Quebec hospital may remove child's breathing tube despite parents' objection: court

MONTREAL — A Montreal children’s hospital can permanently remove a breathing tube from a child who has been in a coma since June, despite his parents' objections, a Quebec Superior Court judge has ruled.

The Sainte-Justine hospital went to court after the five-year-old boy's parents refused to consent to the procedure unless the hospital planned to restore the tube if things went wrong.

The hospital argued that the child, identified only as "X" in the ruling, can breathe on his own and that the breathing tube is now causing more harm than good.

Justice Bernard Jolin wrote in his ruling Tuesday that the parents' objections to the procedure are not in the child's best interest and are based on their hope that God will miraculously bring him back to the state he was in before he fell into a swimming pool.

"It is true that extubating carries a risk of death for X, but in light of the evidence, this risk arises much more from his condition than the extubating itself," Jolin wrote.

The child has been in a coma since June 12 after he was found at the bottom of the family pool. He had been in the water for between 15 and 20 minutes.

He has been on a breathing tube since his admission to hospital, but doctors have recommended since June 16 that it be removed because "it is likely to cause serious, even fatal damage," the judge wrote.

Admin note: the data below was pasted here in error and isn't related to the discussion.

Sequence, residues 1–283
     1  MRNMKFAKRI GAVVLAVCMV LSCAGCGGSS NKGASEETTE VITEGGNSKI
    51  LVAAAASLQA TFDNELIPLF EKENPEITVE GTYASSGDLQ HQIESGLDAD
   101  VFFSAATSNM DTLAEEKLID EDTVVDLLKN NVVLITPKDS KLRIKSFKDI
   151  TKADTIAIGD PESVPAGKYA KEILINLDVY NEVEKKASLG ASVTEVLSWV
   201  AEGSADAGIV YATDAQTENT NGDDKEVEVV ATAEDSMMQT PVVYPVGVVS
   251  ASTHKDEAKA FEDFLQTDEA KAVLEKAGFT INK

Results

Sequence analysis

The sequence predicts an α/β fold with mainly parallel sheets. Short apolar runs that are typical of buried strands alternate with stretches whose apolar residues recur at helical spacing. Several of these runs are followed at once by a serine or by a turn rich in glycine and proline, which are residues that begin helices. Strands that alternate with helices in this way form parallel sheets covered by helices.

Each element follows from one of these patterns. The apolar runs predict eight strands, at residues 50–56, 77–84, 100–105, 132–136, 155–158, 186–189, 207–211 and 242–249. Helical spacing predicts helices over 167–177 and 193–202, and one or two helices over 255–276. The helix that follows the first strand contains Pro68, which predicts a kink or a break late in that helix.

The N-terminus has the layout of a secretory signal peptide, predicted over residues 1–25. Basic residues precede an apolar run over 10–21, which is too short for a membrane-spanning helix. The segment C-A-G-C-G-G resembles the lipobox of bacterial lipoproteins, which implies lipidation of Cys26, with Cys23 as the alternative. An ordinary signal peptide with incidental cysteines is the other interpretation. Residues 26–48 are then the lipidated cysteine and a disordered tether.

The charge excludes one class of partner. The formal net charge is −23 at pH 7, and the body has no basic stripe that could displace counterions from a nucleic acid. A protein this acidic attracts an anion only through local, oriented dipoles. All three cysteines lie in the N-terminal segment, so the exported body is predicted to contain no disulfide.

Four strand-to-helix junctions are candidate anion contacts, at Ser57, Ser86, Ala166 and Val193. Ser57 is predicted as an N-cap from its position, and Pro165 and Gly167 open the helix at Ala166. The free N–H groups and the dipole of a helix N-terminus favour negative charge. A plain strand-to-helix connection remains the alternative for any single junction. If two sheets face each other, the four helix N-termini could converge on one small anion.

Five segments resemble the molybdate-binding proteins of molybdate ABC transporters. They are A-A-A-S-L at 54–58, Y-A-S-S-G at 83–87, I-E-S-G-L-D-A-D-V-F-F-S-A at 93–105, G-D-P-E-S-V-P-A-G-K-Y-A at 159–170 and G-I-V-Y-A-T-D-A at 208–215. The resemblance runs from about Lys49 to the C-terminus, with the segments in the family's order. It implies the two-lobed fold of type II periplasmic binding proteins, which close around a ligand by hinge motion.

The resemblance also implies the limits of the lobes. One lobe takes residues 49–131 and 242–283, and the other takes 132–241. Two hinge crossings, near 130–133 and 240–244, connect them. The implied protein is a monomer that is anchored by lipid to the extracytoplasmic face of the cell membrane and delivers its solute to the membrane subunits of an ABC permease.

The hospital argued that removing the tube could allow the child to return home and to receive physical therapy, but that delaying the removal will limit the chances of that happening.

Jolin found that the parents' opposition to the procedure is based on their religious faith and a lack of trust in the medical team — including the belief that the hospital wants to take him off the tube to save money.

The parents also believe they have seen an improvement in the child and that the mother believes he is "very aware of his surroundings," which the judge said "deviates from a proper perspective of reality."

"Some will appreciate the parents' unconditional love for their child and their relentless fight to keep him alive. Despite all the empathy it may feel, the court concludes that the parents' refusal to consent to the plan is not justified and is contrary to X's best interest," he wrote.

Evidence presented in court showed that the time the child spent under the water caused serious and irreversible brain damage.

The hospital said Thursday it will wait until the parents decide whether to appeal the decision before removing the tube. Patrick Martin-Ménard, a lawyer for the parents, said they are studying the decision and have not yet decided on an appeal.

"It's been very difficult to go all the way to the court, for a court decision about their child, when they would have been open to alternatives earlier on had there been a proper discussion and collaboration," he said in an interview Thursday. "But what we have seen, unfortunately, for a very long period of time, has been an attempt to impose a decision on the parents by Sainte-Justine."

He said the consequences of removing the tube remain unclear and that those consequences could require reintubation, which is not allowed under the court order.

This report by The Canadian Press was first published Nov. 3, 2022.

Jacob Serebrin, The Canadian Press